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Fostering Sustainable Environmental Change: Insights from our evolved psychological biases

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It is widely agreed by scientists and policymakers that humans must reduce their impact on the natural environment and adopt a more sustainable lifestyle. On 31 January 2019, Prof Mark van Vugt, Professor of Evolutionary, Work and Organizational Psychology at Vrije Universiteit Amsterdam and Research Associate at University of Oxford, proposed that an improved understanding of human psychology can inform the design of better policies aimed at addressing environmental problems.

Prof van Vugt argues that sustainability policies have to be compatible with human nature. However, most policies and interventions are not based on a sound understanding of human nature. He therefore believes there should be more interactions between environmental scientists and behavioural scientists to address this issue and influence a change in behaviour. One example, environmental psychology, which began as a study of how the environment impacts human behaviour, eventually formed a branch of study focussing on how humans affect the environment.

Evolutionary environmental psychology examines ways of bringing about enduring changes in human behavioural patterns to foster a sustainable lifestyle based on a sound understanding of human nature. Evolutionary environmental psychology assumes that there is a human nature, a set of traits that are considered unique to humans and a product of evolution through natural selection and culture.

Contrary to popular belief, humans have a long history of causing ecological destruction; even before the formation of modern society. Therefore, strategies meant to modify human action will have to incorporate evolved psychological processes.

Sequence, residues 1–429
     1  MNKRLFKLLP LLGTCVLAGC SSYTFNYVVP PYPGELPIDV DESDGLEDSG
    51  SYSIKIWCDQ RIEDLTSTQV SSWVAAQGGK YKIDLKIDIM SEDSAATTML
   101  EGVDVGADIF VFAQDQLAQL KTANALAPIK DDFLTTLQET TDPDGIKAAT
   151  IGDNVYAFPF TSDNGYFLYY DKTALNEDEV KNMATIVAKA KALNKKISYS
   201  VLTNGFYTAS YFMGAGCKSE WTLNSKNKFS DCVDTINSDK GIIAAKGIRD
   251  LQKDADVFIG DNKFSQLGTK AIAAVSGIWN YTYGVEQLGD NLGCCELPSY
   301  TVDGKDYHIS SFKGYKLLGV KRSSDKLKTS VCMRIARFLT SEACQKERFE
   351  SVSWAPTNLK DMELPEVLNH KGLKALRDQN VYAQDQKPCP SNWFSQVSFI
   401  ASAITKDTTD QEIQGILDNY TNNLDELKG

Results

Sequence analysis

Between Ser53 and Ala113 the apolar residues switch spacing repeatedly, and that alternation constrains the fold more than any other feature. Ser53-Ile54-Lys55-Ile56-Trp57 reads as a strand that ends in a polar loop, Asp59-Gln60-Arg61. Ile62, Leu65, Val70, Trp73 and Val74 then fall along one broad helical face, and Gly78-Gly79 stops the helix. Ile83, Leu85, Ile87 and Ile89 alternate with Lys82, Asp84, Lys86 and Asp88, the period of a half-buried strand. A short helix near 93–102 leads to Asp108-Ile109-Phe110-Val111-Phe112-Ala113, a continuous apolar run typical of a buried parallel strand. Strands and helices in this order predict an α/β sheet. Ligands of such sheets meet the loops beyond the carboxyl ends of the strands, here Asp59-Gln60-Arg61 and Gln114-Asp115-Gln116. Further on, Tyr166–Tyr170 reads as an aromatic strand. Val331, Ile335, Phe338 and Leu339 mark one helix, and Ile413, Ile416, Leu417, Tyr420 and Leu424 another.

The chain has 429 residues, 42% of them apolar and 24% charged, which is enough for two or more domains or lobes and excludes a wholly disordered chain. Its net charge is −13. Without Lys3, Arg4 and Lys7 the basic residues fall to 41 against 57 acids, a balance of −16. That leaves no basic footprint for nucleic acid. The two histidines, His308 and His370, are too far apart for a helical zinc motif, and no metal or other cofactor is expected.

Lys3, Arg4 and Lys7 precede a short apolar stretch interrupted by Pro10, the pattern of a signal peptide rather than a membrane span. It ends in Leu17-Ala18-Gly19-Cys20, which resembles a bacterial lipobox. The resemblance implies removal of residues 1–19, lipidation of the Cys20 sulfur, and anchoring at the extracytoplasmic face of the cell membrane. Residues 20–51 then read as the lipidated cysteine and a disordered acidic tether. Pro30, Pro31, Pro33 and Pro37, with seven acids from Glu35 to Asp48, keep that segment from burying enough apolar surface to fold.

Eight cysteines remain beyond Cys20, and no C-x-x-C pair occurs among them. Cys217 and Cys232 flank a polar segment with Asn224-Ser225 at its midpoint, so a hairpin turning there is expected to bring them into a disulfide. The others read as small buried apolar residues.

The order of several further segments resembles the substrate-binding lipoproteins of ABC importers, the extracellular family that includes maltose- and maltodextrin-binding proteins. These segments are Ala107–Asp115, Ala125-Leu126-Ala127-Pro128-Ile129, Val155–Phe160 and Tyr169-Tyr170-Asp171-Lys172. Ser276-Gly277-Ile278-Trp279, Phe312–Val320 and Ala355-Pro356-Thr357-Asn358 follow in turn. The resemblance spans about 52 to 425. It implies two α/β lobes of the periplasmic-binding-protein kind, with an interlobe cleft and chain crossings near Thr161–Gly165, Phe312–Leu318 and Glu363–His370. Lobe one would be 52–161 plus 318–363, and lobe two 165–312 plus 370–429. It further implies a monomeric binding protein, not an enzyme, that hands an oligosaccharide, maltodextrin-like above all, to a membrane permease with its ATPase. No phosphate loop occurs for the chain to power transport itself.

Prof van Vugt then highlighted five evolved psychological biases that mitigate sustainable practices and strategies that could work to counter them without encroaching on people’s freedom (though ethical issues may arise):

  1. Humans evolved to prioritise self-interest above the collective interest. Therefore, environmental policies fail when they try to persuade people to put societal interest above their own. Alternative strategies include harnessing genetic self-interest, such as using kin labels (e.g. “Mother Earth”) and activating kinship cues to foster trust and reciprocity.
  2. Humans value the present over the future. Policies fail when they persuade people to value long-term rewards rather than immediate rewards. Important factors to consider include the level of the environment’s safety and stability.
  3. Humans are motivated by relative status. Most people tend to value how well they do in comparison to others, rather than the absolute value they get. Policies then fail when they attempt to persuade people to be content with their current status or behave in ways to lower their status. Policies and strategies should therefore aim to enhance the status of sustainable behaviour. For example, hybrid cars tend to pricier and may thus be seen as status symbols, making the ownership of such a vehicle desirable.
  4. Humans copy what others are doing. Environmental policies fail when they persuade people to do something that they are convinced other people are not doing. Social components can thus be incorporated into strategies, such as comparing a person’s electricity usage to the neighbourhood’s average usage in their utility bill.
  5. Humans are adapted to ancestral, not modern environments. People are not easily persuaded by environmental threats that they cannot feel, hear, smell, touch or see. This becomes an issue because climate change is an abstract concept. Strategies can include getting people to sensorially experience environmental problems. Prof van Vugt also spoke briefly about his research that focused on how natural landscapes can influence people to practice more sustainable behaviours.

He then concluded the talk by answering questions from the audience, which included the advantages and disadvantages of structural and personal approaches, the effect of culture and how much impact nudges can have on a large-scale issue like climate change.

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